Movie Review - McFarland, USA
|Carlos Pratts (left) and Kevin Costner|
in 'McFarland, USA'
Kevin Costner stars as Jim White, a high school football coach who loses his job in Boise, Idaho, in August 1987 due to him losing his temper. This aspect of his life, his possible anger management issues, is never fully developed or addressed after Jim gets his next job. The only job he can get is in McFarland, California, an impoverished and mostly Hispanic community. Jim moves his family, including his wife, played by Maria Bello, and his two daughters Julie, played by Morgan Sayler (Homeland), and Jaime into the middle of the impoverished neighborhood.
The film is therefore about Jim and his family having to adjust to the neighborhood and fit in, as well as about his eventual job of coaching a group of Mexican teenage boys. Jim starts out as the life sciences and physical education teacher, but he's as lackadaisical about teaching P.E. as the boys are to be there. Despite the lethargy or indifference, Jim recognizes that several of the boys are amazing runners and could be cross-country stars.
There are seven, Mexican boys and opposite Jim and his family, there are perhaps too many characters to delve. Writers Christopher Cleveland, Bettina Gilois and Grant Thompson, or director Niki Caro (Whale Rider and North Country) clearly favor Jim and his family, which at times is purposeful because the film wants the boys and the Mexican culture to be mysterious in order to build tension and even terror later. Most of the time, we as Jim are welcomed warmly into the homes and lives of the boys. It just doesn't go far enough.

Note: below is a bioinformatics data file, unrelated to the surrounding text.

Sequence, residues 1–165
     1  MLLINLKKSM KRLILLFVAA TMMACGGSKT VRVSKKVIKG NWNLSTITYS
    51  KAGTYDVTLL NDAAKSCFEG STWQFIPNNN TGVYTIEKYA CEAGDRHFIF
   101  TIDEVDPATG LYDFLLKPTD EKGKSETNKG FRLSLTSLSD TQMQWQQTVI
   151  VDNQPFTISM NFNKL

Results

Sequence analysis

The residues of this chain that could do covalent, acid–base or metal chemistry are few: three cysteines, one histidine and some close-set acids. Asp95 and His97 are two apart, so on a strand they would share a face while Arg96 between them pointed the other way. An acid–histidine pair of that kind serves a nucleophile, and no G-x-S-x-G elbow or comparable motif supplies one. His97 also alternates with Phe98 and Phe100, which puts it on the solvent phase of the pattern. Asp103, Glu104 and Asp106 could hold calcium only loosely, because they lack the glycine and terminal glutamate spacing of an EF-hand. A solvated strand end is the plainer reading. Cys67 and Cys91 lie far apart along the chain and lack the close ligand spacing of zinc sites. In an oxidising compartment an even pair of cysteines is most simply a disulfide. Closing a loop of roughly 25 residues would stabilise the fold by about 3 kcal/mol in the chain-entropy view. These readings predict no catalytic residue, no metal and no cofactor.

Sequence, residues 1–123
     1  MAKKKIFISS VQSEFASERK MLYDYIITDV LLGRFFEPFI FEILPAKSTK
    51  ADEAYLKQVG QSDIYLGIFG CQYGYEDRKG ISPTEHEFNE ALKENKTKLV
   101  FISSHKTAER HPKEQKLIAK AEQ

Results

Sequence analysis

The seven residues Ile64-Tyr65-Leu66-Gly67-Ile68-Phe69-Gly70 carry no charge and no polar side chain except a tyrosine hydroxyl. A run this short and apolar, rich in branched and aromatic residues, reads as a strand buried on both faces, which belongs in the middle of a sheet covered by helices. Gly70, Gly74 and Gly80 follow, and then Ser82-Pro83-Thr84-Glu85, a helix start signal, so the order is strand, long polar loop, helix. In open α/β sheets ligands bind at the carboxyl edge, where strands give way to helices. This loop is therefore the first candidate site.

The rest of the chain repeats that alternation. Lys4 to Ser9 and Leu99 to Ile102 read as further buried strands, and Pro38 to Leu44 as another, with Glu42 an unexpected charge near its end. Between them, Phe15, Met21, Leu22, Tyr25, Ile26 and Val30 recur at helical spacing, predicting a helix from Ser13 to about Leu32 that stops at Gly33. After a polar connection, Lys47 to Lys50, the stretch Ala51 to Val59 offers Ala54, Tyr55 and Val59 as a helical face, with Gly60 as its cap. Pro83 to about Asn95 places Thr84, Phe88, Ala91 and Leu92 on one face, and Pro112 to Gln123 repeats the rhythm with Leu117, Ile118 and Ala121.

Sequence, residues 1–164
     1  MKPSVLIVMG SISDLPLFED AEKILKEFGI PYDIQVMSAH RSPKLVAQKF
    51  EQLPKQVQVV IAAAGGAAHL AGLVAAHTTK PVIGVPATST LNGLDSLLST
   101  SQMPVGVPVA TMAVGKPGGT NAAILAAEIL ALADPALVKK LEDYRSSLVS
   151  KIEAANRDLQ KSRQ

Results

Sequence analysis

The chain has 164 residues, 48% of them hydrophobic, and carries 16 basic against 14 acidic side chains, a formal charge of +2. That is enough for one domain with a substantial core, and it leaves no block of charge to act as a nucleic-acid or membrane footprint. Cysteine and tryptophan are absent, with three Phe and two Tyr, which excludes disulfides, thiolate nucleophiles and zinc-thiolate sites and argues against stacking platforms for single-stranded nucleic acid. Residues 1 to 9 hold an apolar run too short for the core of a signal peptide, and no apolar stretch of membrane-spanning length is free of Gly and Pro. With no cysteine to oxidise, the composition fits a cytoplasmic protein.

Carlos Pratts plays Thomas Valles, the eldest and best runner of the boys. There are three brothers. Rafael Martinez plays David Diaz. Michael Aguero plays Damacio Diaz and Ramiro Rodriguez plays Danny Diaz, the overweight one who is regarded as the track team's anchor and not in a derogatory way. Hector Duran plays Johnny Sameniego, a former football player who is tapped by Jim to help recruit the others. Unfortunately, the other team members aren't accustomed to the audience like these five.
Thomas Valles takes center stage and his struggle and frustration is well developed and explored. Through him and the Diaz brothers, we see the plight of Mexican field workers. It's not as tangential as in C.O.G., but at least that film immerses us more into the depth of the field work. It's of course way less than Cesar Chavez (2014), but the plight of the field workers was the entire focus there.
The bigotry or discrimination of Latinos like assuming someone is in a gang or is a thug based on how they look or dress is also explored. The film dispels those bigotries. It also dispels bigotries from within the Latino community to some small degree, not as well as something like La Mission or Gun Hill Road. This film does remind me of Sunset Park (1996), which is about teenage, African-American basketball players in the inner-city, but again the teenage boys in that film are more developed and characterized. You know them better than you know the boys here.
Caro is able to make the countless scenes of the boys running into thrilling or engaging sequences. All the performances are earnest and genuine. Costner is very good as well.
Four Stars out of Five.
Rated PG for thematic material, some violence and language.
Running Time: 2 hrs. and 9 mins.